Miami, FL, May 15, 2012 --(PR.com
)-- The Natural Perfumers Guild, the largest organization of natural perfumers in the world, is defining the scope of natural aromatic isolates in order to assist its professional natural perfumers as they move forward with their desire to use these scent materials. Natural isolates are single odor molecules that are extracted from natural raw materials using distillation techniques. They are obtained from botanicals such as rose, mint, and citrus. These isolated aromatics can add unique character and lift to natural perfumes.
Not within the definition of natural isolates, according to the Guild, are those isolates that are produced by various laboratory processes, including isolates that are produced using bacteria and fungi, or those created from other processed natural aromatic material (which can include using chemicals to process them).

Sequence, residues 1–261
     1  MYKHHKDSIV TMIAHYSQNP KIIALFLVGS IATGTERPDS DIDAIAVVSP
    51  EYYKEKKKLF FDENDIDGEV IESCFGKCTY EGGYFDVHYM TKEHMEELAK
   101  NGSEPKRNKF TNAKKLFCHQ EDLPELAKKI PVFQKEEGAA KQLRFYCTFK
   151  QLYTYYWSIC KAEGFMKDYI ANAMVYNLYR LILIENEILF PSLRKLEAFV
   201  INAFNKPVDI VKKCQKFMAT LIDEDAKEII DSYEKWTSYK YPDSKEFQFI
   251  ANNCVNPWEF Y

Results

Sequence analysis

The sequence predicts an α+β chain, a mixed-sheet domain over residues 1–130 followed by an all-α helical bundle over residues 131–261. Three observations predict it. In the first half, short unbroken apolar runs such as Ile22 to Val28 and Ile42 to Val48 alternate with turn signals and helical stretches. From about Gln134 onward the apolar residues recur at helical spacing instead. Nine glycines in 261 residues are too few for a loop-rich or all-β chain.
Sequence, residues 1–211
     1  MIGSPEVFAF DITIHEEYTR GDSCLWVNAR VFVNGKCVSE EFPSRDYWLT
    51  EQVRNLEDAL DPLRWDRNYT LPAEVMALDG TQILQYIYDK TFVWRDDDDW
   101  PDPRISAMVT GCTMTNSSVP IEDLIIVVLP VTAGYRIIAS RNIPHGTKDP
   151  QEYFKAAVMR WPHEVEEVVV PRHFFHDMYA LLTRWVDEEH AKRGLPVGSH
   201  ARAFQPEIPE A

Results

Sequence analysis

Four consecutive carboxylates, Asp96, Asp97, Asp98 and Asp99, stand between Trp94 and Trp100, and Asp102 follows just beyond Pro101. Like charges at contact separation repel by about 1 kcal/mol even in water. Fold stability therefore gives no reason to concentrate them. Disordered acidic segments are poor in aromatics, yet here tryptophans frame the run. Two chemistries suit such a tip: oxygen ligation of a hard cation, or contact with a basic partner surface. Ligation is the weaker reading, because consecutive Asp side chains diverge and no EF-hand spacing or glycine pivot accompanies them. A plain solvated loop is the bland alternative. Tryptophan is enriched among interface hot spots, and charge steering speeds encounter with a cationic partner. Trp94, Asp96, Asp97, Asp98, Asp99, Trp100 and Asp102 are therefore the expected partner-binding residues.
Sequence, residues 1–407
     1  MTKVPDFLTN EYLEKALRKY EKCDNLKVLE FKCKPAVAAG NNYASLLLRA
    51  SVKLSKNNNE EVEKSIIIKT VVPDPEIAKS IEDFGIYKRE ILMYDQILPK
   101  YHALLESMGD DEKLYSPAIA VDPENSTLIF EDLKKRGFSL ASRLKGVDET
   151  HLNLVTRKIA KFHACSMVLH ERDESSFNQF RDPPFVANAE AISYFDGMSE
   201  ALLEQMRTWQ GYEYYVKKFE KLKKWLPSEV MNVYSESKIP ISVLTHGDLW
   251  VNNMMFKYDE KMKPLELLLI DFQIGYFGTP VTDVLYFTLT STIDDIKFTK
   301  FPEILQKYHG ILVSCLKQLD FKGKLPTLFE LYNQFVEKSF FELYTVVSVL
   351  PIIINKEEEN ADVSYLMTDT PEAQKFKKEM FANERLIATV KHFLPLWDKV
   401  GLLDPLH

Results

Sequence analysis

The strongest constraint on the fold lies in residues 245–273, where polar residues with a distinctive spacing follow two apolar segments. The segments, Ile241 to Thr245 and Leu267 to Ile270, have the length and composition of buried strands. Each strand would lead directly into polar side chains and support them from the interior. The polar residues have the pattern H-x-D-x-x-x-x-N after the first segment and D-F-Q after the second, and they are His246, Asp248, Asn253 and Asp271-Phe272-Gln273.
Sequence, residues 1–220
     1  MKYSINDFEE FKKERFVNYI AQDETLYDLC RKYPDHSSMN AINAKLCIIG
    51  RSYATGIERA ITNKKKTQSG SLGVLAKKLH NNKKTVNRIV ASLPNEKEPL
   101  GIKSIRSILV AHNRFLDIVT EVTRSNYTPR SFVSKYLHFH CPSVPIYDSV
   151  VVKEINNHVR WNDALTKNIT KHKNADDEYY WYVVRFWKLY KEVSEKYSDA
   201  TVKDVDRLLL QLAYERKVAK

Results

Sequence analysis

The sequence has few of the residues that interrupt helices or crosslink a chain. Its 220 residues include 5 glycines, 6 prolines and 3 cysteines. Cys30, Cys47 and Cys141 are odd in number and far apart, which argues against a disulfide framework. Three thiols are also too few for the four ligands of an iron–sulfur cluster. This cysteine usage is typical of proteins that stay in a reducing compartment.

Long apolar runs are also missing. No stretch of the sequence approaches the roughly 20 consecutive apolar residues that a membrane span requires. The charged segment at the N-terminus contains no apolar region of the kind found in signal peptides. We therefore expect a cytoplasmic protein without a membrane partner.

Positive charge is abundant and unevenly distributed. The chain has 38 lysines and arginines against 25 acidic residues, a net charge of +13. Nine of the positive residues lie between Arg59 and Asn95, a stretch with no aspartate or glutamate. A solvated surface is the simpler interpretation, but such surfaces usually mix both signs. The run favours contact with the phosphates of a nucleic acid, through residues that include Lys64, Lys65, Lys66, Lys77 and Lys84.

The Guild Standards Committee worked through an extensive research and exploratory process to define natural isolates to a standard that reflects the mission and philosophy of both the Guild and its members. International standards were examined for the processes used worldwide in defining natural isolates. The Committee was unanimous in approval of the new standard, and the voting body of Guild members approved their recommendation by a 78% vote. This new standard adopted by the Guild exceeds the ISO 9235 standard for natural aromatic raw materials.
The definition of a natural isolate as it applies to the members of the Natural Perfumers Guild states:
A natural isolate is a molecule that was removed/isolated from a natural fragrance material, as delineated by the Guild in its definition of natural perfumery
that contains the isolate. Processes that are acceptable for removing/isolation are: fractional distillations, rectifications, and molecular distillations of natural fragrance materials, also as defined by the Guild.
“This was a sensitive and deliberate process, and Guild members had many different opinions,” says Guild President Anya McCoy, "and the final vote was 78% for the least-processed isolates that were closest to the parent raw material." The Guild has updated its 2008 Definition of Natural Perfumery position paper, (which can be viewed at the link in the previous paragraph), to reflect this change. “I will be reformulating my best-selling perfume StarFlower by removing the isolate from it that I had thought was natural (in 2007).”